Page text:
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8:10am Thursday 26th April 2012 in Leader
It is clear that when police officers put their minds to targeting a specific problem, that they can come up with some impressive results.
So Chief Inspector Colin Paine deserves credit for the work he has done to reduce crime in West Oxfordshire.
He became area commander for West Oxfordshire in April last year, when the rise in burglaries was a growing concern.
Burglaries of homes in the district rose from 150 in 2009/10 to 188 in 2010/11, and Mr Paine correctly focused in on this crime. Since then, the number has fallen to 127 — the lowest since computerised records began and a drop of 32.4 per cent.
The work to tackle thieves coming from Gloucestershire is particularly impressive, with officers visiting criminals in their homes and using high-tech cameras to track them on West Oxfordshire’s roads.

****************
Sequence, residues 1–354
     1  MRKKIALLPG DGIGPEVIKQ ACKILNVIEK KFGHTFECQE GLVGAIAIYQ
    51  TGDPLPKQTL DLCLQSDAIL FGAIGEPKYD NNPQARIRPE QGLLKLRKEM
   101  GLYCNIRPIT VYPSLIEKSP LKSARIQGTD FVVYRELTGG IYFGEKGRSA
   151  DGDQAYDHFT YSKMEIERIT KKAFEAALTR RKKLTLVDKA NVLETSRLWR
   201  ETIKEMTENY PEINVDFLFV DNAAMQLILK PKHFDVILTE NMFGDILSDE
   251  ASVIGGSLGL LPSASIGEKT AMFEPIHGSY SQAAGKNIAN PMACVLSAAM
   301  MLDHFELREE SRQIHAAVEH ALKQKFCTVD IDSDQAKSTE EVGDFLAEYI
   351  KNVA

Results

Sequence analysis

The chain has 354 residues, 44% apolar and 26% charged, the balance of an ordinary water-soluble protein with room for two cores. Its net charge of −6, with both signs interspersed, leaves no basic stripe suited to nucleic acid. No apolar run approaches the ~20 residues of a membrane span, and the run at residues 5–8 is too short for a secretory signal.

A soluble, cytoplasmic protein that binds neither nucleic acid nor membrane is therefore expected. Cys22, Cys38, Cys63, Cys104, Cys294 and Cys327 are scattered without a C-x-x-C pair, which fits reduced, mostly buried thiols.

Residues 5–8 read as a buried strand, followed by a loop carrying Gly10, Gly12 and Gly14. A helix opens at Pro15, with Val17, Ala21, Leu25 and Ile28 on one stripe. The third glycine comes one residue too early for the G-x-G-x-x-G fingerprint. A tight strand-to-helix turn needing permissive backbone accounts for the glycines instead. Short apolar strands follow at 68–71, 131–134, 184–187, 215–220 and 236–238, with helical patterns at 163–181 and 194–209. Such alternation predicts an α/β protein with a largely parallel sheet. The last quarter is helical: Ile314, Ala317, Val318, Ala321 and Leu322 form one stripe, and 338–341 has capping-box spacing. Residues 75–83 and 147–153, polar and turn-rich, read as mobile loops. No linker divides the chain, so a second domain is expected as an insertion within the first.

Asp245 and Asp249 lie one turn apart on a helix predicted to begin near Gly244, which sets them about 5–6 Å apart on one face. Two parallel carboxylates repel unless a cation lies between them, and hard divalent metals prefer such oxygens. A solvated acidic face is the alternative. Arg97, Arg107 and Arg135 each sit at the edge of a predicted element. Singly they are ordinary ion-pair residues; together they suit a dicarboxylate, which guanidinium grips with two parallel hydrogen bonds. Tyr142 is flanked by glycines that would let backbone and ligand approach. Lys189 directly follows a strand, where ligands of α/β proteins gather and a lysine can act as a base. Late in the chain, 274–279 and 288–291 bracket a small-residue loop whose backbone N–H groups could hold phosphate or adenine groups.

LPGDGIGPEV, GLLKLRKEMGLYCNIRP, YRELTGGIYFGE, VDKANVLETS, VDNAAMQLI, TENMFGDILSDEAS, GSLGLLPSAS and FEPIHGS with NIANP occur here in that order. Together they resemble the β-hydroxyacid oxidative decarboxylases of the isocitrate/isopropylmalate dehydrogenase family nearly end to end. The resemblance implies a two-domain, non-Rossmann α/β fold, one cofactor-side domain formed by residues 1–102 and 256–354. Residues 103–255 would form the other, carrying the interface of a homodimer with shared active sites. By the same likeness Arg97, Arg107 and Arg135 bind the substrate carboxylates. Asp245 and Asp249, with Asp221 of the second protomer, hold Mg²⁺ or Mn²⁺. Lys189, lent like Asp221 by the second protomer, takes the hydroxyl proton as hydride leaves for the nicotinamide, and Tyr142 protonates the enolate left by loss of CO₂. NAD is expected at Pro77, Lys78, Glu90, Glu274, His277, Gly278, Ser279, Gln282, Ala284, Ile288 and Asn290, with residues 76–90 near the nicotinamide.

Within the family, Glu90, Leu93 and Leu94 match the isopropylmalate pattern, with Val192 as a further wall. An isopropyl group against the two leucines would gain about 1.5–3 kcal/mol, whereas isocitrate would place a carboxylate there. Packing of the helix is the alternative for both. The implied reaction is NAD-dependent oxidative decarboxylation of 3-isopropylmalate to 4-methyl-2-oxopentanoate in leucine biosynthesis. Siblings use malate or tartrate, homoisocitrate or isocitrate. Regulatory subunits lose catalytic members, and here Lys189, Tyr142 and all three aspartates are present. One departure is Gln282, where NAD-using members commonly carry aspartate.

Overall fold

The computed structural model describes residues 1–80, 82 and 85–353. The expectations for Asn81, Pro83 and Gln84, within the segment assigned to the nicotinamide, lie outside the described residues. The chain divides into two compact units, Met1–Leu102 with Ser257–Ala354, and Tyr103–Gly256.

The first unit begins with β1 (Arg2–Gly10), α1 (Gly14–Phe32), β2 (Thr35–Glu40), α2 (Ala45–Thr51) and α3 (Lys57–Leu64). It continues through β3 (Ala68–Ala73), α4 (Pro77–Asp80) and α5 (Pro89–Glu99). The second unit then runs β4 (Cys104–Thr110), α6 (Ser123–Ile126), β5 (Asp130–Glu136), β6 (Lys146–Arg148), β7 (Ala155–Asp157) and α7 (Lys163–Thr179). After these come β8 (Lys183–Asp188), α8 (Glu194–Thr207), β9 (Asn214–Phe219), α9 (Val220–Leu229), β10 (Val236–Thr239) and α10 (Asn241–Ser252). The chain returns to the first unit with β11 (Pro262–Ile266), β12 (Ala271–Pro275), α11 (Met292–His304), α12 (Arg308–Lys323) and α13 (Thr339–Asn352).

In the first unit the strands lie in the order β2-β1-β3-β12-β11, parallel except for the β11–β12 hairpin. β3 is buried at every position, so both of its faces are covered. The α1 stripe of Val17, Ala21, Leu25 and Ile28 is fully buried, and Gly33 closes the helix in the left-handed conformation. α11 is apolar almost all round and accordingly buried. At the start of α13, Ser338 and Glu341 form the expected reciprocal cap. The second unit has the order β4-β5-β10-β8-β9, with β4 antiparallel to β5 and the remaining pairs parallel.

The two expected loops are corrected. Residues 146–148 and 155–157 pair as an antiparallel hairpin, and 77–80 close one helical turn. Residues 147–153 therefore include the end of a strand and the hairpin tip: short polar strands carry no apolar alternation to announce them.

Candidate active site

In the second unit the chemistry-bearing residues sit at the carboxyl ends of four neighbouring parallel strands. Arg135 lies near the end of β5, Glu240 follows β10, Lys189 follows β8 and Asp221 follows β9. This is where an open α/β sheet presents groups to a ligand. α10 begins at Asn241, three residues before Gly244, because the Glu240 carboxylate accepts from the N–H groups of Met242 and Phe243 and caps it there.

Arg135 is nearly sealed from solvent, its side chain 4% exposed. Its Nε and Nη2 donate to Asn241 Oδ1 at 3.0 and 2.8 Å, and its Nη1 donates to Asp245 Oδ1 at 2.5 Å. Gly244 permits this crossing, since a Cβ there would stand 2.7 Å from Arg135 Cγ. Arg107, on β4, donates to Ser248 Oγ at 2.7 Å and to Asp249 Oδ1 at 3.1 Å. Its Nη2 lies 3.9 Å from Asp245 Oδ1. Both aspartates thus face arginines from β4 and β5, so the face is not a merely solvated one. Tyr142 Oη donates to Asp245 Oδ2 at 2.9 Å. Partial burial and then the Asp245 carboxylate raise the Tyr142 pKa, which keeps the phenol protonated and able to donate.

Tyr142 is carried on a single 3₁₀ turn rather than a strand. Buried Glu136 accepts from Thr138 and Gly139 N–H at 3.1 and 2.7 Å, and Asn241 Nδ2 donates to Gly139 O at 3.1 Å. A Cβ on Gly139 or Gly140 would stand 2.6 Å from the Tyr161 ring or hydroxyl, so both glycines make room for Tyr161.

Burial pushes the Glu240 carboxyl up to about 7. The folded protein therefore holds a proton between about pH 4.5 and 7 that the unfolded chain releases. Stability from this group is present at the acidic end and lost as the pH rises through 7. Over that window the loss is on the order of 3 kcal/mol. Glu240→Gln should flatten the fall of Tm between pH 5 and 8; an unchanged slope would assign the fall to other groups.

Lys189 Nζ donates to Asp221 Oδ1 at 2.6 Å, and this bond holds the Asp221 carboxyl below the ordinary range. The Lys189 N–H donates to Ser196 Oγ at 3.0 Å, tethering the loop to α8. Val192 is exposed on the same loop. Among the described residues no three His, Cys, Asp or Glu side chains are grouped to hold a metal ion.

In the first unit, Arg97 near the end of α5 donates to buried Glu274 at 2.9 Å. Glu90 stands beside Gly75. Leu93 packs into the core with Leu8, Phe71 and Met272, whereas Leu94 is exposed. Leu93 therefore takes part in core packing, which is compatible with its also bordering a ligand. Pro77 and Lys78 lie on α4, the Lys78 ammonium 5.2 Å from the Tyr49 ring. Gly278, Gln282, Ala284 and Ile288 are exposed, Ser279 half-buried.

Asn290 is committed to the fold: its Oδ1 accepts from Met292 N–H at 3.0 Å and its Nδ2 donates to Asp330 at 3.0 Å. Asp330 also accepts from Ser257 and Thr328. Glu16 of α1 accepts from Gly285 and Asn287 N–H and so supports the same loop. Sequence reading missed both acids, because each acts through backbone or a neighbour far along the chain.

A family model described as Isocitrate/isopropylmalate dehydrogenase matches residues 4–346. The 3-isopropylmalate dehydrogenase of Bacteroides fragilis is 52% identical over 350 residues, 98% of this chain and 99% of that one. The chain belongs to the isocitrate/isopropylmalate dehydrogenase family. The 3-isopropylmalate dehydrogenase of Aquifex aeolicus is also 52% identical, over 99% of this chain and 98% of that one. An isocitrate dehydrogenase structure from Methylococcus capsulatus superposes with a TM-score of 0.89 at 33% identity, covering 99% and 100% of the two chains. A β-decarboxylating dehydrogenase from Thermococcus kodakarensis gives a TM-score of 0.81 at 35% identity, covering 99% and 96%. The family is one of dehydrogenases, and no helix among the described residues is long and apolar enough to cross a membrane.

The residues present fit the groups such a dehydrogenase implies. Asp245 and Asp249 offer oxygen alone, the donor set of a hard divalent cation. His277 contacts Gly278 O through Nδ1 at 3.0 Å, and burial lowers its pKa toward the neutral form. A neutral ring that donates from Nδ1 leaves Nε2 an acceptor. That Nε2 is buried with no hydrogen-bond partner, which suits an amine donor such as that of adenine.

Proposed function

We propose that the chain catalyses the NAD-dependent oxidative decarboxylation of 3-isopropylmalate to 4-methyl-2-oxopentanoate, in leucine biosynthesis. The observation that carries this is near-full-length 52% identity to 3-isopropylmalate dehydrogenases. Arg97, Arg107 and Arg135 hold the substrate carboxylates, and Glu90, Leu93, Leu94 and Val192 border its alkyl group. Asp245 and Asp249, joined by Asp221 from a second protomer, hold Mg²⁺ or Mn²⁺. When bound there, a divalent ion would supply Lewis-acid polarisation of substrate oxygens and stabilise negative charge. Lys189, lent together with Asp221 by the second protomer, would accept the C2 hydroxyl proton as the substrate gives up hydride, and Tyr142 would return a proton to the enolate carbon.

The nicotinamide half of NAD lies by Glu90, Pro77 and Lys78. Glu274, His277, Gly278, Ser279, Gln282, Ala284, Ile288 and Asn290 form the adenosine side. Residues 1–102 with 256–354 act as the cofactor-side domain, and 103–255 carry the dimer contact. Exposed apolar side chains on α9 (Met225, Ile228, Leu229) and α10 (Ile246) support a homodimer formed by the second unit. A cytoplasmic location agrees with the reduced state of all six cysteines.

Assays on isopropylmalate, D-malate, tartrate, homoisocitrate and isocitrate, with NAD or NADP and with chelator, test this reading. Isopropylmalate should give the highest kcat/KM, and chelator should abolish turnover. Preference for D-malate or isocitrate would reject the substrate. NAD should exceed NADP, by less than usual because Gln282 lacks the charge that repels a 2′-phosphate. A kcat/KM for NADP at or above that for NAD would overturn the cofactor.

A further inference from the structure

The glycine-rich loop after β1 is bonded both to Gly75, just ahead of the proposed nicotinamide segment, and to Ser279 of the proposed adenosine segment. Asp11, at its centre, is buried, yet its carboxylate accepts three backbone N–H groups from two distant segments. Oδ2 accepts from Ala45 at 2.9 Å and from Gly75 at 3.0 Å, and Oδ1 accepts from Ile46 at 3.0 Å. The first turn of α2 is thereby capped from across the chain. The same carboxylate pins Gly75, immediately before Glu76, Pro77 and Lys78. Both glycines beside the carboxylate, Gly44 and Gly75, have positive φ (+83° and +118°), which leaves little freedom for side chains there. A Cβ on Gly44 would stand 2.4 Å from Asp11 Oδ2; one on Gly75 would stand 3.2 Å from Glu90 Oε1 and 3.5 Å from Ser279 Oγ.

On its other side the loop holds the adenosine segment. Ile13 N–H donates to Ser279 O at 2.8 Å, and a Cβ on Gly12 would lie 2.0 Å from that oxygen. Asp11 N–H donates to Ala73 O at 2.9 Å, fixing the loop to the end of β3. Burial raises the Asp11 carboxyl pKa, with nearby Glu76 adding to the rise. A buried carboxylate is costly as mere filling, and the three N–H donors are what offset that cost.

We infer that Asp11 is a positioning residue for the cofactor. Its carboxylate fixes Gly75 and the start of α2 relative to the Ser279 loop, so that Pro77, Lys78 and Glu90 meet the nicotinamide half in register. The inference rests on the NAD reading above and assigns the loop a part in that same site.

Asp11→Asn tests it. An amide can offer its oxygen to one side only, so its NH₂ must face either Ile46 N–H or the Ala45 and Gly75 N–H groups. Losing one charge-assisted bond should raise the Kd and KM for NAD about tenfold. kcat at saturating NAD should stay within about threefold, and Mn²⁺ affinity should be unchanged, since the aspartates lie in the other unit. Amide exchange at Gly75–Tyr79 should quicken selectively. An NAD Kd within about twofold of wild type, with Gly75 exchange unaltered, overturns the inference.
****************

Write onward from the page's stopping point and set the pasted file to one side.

Police have managed to get detection rates of burglaries up from 13.3 per cent in 2010/11 to 26 per cent over the past year. But there is clearly more work to be done. The fact that only a quarter (25.4 per cent) of all crimes in the district are detected is a worrying statistic.
It is a concern that detection rates of burglaries for non dwellings (9.5 per cent), criminal damage (9.3 per cent) and theft from a person (zero per cent) are particularly low. We hope the good work continues and crime, the fear of crime and detection rates continue to improve. And we hope the cutting of opening hours at police stations around the county do not have an impact on the progress being made.